On Wednesday Tsipras, who leads Greece's anti-bailout SYRIZA party, met with US Deputy Assistant Secretary of State Eric Rubin and the Treasury's Deputy Assistant Secretary for Europe and Eurasia, Christopher Smart.
Tsipras's US tour is seen as a bid to strengthen his anti-bailout party's international credibility.
During a speech at the Brookings Institution on Tuesday, the leftist leader sought to reassure an American audience that he wants Greece to remain in the euro area, insisting there is nothing to be afraid of should his SYRIZA party come to power.
“I hope to convince you that I’m not as dangerous as some are trying to say... Let me say this clearly: SYRIZA will keep Greece in the eurozone,” he said.
But he remained critical of the austerity policies -- spending cuts and tax increases -- imposed on the debt-wracked country which depends on bailout money from the IMF and the eurozone to remain afloat.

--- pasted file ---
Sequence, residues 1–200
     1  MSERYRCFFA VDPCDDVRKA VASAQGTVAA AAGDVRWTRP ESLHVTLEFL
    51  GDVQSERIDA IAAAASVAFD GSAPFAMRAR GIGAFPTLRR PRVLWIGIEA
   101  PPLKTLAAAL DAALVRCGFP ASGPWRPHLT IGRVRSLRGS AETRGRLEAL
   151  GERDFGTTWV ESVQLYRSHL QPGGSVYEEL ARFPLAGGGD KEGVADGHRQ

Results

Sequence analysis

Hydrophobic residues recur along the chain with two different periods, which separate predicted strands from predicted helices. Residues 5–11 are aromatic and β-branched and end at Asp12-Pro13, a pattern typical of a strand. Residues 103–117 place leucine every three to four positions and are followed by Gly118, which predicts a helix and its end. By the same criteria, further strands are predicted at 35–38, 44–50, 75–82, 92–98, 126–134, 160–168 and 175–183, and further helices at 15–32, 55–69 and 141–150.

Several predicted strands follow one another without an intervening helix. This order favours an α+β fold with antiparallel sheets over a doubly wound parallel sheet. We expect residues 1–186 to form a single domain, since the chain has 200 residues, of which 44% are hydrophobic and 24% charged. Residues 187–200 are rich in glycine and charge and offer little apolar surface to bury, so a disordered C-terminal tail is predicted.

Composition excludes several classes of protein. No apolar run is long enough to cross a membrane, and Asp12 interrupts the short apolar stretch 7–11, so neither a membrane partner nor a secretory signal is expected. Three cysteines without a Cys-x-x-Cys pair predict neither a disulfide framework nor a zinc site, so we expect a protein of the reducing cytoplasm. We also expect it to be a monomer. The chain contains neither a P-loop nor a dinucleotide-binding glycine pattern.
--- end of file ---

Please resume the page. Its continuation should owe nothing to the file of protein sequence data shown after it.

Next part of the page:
“The insistence on implementing this agreement is at odds with the laws of humanity,” he said of the EU/IMF memorandum.
Greece’s unemployment rate extended its record high, climbing to 26.8 percent in October as the country heads into a sixth year of recession, official data showed Thursday.
The country’s economic slump deepened in the third quarter of 2012, with output shrinking 7.2 percent on an annual basis.
Tsipras will later on Thursday travel to New York where he is scheduled to speak at Columbia University, the City University of New York and a gathering of Greek Americans.
Support for government coalition leader New Democracy stood at 28.2 percent against 27.9 percent for SYRIZA, according to a new poll released late on Tuesday.